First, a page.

Brittle diabetes patient deals with daily challenges

At age 35, Laurie Arnold’s body is breaking down. The gastrointestinal challenges she has had most of her life are getting worse. She is going blind in both eyes, and neuropathy is settling in to her fingers and toes.

But Arnold is a miracle, said her mother, Yvonne Rupert. She was diagnosed at 9 with brittle diabetes and Rupert was told her daughter wouldn’t live past 32. She is defying her odds and only recently started showing real signs of losing ground with her fight.

According to Johns Hopkins Medicine, “Brittle diabetes is sometimes used to describe the condition of patients who have frequent swings in blood glucose levels from very high to very low.” While blood glucose naturally rises and falls throughout the day in response to meals, activity or other influences, spikes with Brittle diabetes — sometimes called labile diabetes — can hit dangerous levels, requiring medical attention.

Type 1 diabetes is insulin dependent. That means Arnold’s pancreas doesn’t produce the insulin her body needs to regulate the glucose in her blood. With brittle diabetes, Arnold is challenged even more because traditional methods that typically make Type 1 diabetes manageable often do not work.

The result is dramatic and nearly constant spikes and drops in glucose levels throughout the day, making it nearly impossible to regulate. And that disruption dramatically harms vital organs.

Still, Arnold considers herself blessed. Diabetes is often a deterrent to pregnancy because the strain on the mother’s body could cause death. Arnold lost her first pregnancy to miscarriage. Her second resulted in a stillbirth.

But nearly four years ago she and her boyfriend, Joe Rera, had a son.

Jayden, who his parents affectionately call “Bug,” is the light in Arnold’s journey. Although she is losing her sight due to significant hemorrhaging, Arnold’s blue eyes sparkle when she speaks of her son. Like any mother facing a potentially terminal illness, Arnold is worried she will not be around to watch Bug grow up.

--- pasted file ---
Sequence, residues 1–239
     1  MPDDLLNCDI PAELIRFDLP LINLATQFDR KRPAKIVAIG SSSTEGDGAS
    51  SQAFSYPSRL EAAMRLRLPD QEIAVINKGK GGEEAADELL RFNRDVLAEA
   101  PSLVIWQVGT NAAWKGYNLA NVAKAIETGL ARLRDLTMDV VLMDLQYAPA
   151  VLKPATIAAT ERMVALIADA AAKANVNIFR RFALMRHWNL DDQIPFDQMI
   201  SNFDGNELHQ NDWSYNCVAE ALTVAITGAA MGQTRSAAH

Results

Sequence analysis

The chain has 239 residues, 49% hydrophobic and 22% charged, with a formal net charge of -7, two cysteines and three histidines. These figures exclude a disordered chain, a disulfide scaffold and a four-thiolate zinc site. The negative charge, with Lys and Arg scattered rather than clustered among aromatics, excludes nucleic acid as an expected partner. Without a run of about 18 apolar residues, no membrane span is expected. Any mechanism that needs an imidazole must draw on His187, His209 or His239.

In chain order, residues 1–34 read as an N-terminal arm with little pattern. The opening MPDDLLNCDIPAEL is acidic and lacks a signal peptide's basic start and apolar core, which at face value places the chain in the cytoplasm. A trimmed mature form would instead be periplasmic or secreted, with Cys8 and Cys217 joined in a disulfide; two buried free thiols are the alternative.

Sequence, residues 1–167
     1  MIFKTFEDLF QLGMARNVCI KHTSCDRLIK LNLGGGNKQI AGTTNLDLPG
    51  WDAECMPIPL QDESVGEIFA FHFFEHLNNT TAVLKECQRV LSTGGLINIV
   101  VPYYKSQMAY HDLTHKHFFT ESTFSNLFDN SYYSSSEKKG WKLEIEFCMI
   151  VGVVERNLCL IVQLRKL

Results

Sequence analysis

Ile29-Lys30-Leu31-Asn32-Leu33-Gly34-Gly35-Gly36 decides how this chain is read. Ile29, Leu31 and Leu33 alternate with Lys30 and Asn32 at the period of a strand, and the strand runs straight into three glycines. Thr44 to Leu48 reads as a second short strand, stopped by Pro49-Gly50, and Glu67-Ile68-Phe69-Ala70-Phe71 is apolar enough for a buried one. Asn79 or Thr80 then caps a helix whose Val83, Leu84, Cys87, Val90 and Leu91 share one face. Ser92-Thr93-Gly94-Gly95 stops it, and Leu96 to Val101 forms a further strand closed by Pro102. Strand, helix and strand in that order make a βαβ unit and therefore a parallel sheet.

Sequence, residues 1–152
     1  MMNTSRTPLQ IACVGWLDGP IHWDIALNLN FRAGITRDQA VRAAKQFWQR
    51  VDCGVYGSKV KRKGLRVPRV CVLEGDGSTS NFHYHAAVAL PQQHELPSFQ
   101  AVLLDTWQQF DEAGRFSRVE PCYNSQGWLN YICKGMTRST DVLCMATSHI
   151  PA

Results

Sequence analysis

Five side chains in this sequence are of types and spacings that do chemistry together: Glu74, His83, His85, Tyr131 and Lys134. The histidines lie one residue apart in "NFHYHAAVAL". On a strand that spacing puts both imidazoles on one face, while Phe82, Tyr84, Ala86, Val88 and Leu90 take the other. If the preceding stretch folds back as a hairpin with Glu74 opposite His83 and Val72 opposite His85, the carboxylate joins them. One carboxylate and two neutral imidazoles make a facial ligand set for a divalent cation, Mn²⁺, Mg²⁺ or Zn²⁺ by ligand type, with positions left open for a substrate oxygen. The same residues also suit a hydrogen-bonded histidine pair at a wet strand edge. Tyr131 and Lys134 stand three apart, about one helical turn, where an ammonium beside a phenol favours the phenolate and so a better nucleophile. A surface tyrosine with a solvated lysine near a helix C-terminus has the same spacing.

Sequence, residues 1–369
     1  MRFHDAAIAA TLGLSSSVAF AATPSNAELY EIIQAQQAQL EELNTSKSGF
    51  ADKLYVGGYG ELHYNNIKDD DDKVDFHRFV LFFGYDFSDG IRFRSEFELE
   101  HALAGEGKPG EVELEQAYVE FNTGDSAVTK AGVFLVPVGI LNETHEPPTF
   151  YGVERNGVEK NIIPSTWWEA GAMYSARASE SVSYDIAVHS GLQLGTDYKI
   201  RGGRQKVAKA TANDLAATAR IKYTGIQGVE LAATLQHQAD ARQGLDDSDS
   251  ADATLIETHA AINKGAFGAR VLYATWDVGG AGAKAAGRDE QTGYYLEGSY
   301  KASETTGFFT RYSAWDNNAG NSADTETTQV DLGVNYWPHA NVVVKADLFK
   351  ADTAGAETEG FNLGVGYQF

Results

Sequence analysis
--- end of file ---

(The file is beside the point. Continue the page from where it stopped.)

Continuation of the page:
Arnold has been independent her entire life, Rupert said, and too proud to ask for help. A server at an Olive Garden restaurant in Port Richey for more than 10 years, Arnold only recently began reducing her hours because of her health.

“They’ve been wonderful,” she said of her employer. But the family is struggling financially to survive.

Because of her failing eyesight, Arnold no longer drives. She receives laser injections on a regular basis, which aren’t covered by Medicaid. And she relies on her son’s father to provide the majority of the couple’s income.

Now Arnold admits she needs help, although it is difficult for her to ask. But Rupert says she will do anything to save her child. A server for The Jersey Cafe, Rupert is so popular that her customers have taken up a collection to help offset Arnold’s medical challenges.

She needed a special insulin pump, and Rupert started the collection in hopes of helping offset the cost. “One of my customers came in with the pump,” Rupert said, her voice cracking slightly.

But the fight is ongoing. Perhaps because brittle diabetes is less common and not widely understood, patients receive little relief and face lots of frustration. When Arnold needs serious medical attention due to glucose spikes or drops, hospitals immediately want to admit her for an extended stay.

“They spend days trying to regulate her sugar,” Rupert said, which has, at times, dropped dangerously low.

Arnold said she immediately tells medical personnel about her condition. “It doesn’t matter,” she said. “They still try and treat it like traditional diabetes.”

Rupert speaks of the hurdles her daughter faced growing up with diabetes. And Arnold listens intently but offers no detail. She doesn’t remember. Her mother added that amnesia is part of the disease.

Still there is sadness behind Arnold’s eyes. She has surrendered to her plight, recognizing she does need help. And her mother will stop at nothing to make her daughter’s life easier.

It begins, she said, by bringing awareness to the difficulties of brittle diabetes. “If our story can help someone, then we have to tell it,” she said.

The family is planning fundraising events to assist Arnold and to bring awareness to this more-complicated form of an already deadly disease.

For more information on how you can help this family, contact Joe and Valerie Cuce, owners of Jersey Cafe, at (352) 596-1424.

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